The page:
II. That while those professing the Roman fore, to the anticipated measures of govern Catholic faith are equally entitled, with their ment, whensoever they may be proposed, in fellow-subjects, to a full participation of all order to be effective, and in any degree sucthe civil rights and privileges which belong cessful, must be based on no narrow or ex: to them, and while measures baving this ob- clusive grounds, but on a rejection of the er ject in view are deserving of a liberal and roneous and very injurious principle on which generous support, any proposal to establish in the whole scheme of religious endowments prothis country by force of law the faith of the ceeds, and on the broad assertion of the equal Church of Rome, and publicly to endow those rights of all parties to a simple protection, who are occupied in teaching and extending and nothing more, from civil government, in the doctrines of that church, cannot be view- respect of the exercise of their religion, ed otherwise than with just alarm, as being a V. That nothing appears more certain than measure at once dishonouring to God, de- that it would be morally impossible for any structive of the interests of truth, most injuri- government in this country to carry a measure ous in respect of the social and civil conse- for the endowment of Popery, or any other quences it is fitted to entail, and stamped system of error, were it not for the fact, that withal with a highly unconstitutional cha- certain churches, elaiming to be Protestant, racter, should it be carried as the prime are already established, and that there are minister has declared it may, in opposition other churches which, although not immeto the known sentiments of the people of the diately incorporated with the state, are reUnited Kingdom,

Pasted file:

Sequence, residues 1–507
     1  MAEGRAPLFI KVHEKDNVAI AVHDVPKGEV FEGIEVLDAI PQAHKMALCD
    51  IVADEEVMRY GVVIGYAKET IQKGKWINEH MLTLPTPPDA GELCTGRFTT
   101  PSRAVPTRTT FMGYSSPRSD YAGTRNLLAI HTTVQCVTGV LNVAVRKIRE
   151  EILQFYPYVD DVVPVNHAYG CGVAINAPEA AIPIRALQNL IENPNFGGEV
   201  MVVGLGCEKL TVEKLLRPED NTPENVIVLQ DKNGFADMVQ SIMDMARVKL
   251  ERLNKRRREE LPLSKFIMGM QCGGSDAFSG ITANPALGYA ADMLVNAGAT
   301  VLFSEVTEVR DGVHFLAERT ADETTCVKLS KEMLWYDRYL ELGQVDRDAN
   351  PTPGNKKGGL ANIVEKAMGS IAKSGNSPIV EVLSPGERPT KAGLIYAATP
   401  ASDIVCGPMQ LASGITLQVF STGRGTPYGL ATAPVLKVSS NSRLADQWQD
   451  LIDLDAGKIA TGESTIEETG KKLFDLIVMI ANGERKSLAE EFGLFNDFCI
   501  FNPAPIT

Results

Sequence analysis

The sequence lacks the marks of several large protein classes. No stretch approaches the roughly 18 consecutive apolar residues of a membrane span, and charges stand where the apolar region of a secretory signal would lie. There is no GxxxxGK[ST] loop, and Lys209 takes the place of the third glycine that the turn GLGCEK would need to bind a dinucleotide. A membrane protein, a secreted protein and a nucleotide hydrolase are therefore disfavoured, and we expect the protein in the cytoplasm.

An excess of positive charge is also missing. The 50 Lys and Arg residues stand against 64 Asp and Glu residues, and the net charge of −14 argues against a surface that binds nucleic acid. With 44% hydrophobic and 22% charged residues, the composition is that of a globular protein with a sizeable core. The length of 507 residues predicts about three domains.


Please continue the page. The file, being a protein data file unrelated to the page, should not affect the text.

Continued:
ceiving, in one form or another, money from III. That the measure in question, toge- government for the teaching of religion ; that ther with the course of policy of which it seeing that the alternative to which statesmen forms a part, of endowing all religious systems now feel themselves shut up requires, eitherthat alike, however opposed to one another, pro- no party should be established, or that all paryided their supporters are only, willing to ties who will accept of them, should be offered accept of an endowment, demands from the endowments, such churches as those referred people of this country the most prompt and to, cannot but be regarded as having, at this strenuous resistance; and that, for this pur- moment, a heavy responsibility attaching to pose, it is highly necessary that all proper them as it respeets the religious interests and means should be employed for awakening prosperity of this country, that the truth canand enlightening the public mind on the not be concealed, that, whatever, opposition subject, eliciting the expression of public may be offered by the law, along with others, sentiment, and calling forth the combined